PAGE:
Naomi Osaka left the French Open: her appeal to the machine that is the professional tennis circuit – to be excused from post-match interviews due to her anxiety, as she is battling depression – ultimately fell on deaf ears.
Full disclosure: I am not, have never been and never will be a professional tennis player (well, not in this incarnation). I can’t claim to understand first-hand what role the post-match interviews have in the grand scheme of the tennis world: my forte is not the intricacies of tennisy things.
I do know, however, what it’s like to be a public speaker, and to have to front up to an audience when feeling anxious, experiencing panic attacks and with the stubborn overlay of self-doubt blocking out the sun of success like a heavy wet blanket that can’t be removed, no matter how much I try. I’ve personally experienced the flash of white behind my eyes that wipes intelligible thought from the slate of my brain, exposing the vast wasteland of uncertainty and self-doubt that gnaws away at my confidence. I’ve felt the panic of despair as I realise I don’t know what I’m up to or how to proceed with whatever I’m delivering. I’ve learnt to mask it, so it’s not evident to the audience, but I’m still prone to the shock of an unwelcome, stultifying surprise when a panic attack rears its ugly head. Granted, not on the worldwide stage that Naomi graces, for I tread much smaller stages: nevertheless, they are stages where I am on view – and also judged.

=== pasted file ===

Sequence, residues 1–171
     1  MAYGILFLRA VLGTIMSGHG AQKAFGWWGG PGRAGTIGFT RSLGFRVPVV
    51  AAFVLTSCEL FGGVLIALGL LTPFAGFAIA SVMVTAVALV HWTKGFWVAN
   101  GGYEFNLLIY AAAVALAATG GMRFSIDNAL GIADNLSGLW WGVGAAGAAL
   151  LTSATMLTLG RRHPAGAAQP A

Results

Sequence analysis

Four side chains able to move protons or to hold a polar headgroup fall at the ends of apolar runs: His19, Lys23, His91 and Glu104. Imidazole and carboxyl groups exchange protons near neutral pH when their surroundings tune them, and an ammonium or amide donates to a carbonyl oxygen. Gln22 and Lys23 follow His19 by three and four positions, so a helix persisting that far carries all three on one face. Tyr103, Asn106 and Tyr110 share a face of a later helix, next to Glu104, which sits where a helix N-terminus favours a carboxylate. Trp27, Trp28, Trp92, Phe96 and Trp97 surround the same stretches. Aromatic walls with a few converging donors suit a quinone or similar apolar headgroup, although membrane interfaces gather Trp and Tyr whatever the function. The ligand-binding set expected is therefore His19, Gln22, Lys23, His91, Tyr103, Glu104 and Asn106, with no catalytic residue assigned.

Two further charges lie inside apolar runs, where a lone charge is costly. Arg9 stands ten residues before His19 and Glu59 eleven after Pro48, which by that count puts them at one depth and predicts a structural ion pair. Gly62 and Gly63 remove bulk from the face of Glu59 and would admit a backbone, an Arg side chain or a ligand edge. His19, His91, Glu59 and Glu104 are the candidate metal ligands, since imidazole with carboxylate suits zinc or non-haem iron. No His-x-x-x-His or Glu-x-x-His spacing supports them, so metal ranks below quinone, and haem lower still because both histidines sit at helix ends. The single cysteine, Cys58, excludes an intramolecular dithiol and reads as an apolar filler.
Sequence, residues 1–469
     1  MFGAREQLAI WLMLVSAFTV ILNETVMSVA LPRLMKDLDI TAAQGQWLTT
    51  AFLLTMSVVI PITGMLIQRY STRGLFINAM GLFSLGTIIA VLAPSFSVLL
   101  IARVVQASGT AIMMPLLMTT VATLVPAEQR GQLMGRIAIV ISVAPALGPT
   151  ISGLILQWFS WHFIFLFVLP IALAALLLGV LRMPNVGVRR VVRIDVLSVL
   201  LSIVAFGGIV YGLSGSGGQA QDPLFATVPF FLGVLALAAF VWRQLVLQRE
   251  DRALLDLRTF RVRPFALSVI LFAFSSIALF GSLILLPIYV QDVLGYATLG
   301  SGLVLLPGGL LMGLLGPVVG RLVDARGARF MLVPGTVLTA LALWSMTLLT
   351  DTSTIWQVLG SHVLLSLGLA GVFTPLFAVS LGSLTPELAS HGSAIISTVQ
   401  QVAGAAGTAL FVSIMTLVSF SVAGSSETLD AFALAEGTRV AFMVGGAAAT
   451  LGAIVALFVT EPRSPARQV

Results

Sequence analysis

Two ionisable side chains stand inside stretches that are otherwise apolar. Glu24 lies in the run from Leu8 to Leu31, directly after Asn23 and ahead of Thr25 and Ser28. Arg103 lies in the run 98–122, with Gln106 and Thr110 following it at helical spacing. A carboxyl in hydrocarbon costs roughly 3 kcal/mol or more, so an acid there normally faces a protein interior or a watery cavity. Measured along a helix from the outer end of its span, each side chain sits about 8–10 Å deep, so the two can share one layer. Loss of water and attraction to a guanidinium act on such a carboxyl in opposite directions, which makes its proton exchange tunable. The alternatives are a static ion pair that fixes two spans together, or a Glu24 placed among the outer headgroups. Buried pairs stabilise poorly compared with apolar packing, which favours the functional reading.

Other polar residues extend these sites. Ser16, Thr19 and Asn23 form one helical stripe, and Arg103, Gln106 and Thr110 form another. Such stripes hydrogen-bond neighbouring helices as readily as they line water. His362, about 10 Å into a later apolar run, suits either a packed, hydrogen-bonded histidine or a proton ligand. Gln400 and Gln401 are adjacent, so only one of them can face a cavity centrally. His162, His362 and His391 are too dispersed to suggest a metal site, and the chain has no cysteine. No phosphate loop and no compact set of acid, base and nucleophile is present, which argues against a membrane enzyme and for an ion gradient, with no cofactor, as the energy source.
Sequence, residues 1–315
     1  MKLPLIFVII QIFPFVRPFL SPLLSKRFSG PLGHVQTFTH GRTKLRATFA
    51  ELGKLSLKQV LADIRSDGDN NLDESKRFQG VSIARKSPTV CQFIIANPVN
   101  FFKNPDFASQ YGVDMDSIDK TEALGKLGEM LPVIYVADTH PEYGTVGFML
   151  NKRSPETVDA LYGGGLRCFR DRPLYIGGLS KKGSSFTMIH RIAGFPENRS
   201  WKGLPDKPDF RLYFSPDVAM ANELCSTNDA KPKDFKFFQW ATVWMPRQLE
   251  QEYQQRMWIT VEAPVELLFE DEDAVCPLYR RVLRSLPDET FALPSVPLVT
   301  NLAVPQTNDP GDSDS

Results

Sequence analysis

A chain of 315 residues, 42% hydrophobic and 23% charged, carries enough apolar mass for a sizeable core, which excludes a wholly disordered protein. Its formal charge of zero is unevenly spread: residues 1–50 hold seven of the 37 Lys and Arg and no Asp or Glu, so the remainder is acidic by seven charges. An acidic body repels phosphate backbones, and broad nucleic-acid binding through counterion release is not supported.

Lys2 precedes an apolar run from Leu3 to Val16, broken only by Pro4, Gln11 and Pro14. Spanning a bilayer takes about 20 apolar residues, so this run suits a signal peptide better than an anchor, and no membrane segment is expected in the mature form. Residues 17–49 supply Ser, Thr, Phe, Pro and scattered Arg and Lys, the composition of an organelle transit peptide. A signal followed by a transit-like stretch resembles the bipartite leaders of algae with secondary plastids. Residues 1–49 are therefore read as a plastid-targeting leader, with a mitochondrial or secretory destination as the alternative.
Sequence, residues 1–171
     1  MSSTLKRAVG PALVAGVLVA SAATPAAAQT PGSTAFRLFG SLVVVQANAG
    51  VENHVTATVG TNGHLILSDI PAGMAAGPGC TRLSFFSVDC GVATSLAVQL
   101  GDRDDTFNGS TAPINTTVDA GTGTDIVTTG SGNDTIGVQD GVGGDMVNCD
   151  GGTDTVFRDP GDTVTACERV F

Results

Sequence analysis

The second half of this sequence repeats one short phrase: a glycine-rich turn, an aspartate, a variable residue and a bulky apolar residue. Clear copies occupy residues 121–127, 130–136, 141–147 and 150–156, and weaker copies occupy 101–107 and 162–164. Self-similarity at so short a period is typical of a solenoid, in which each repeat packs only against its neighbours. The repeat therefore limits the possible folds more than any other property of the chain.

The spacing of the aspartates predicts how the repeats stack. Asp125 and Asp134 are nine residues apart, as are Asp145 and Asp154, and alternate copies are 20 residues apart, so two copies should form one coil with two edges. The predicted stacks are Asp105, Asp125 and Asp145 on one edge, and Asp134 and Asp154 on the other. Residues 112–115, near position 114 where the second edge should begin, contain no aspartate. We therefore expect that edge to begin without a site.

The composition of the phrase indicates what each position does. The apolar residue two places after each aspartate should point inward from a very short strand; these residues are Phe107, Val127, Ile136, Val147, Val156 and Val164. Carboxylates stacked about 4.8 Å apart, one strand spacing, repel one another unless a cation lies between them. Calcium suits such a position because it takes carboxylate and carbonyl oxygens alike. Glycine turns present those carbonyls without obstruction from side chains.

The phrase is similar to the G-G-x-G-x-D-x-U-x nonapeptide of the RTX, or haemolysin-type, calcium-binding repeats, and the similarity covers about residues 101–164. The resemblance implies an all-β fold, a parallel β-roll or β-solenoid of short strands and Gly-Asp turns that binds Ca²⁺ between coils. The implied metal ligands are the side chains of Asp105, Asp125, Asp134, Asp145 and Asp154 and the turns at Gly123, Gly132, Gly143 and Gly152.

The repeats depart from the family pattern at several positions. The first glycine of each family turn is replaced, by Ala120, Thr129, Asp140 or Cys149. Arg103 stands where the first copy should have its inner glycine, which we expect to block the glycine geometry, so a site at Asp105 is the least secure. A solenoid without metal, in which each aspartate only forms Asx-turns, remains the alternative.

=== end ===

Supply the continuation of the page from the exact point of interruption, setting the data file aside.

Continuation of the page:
Here are some of my stages:
***STAGE ONE: I front a class of students, who are at best so eager they shadow my every move (they’re usually the ones who correct my grammar when my speech runs ahead of my thoughts). The majority of the bell-curve of my class are disinterested, or at least more interested in the antics of their peers. At worst, they are openly hostile, challenging me to fix their miserable lives because they can’t.
***STAGE TWO: I present a paper at a conference. The eager (and more often than not, blurry-and-bloodshot-eyed-from-extreme-fatigue) faces of professional colleagues look expectantly at me, the lone person at the podium, to deliver fresh new ideas that will invigorate their passion for their profession. My inner critic crouches at my shoulder, waiting for my downfall, whispering, “Who are you to tell other professionals what’s great and what will make their lives easier, as a teacher in contemporary settings? How are you better, more experienced, more knowledgeable than they are?”
Don’t get me wrong: I like my teaching and choose which conference presentations to apply for. I’m delighted when my proposals are accepted because that is, after all, highly validating of the skills I have garnered within my thirty-plus-year career. It comes with the territory of my profession, just as post-match interviews come with Naomi’s chosen career. But that doesn’t mean it’s always easy.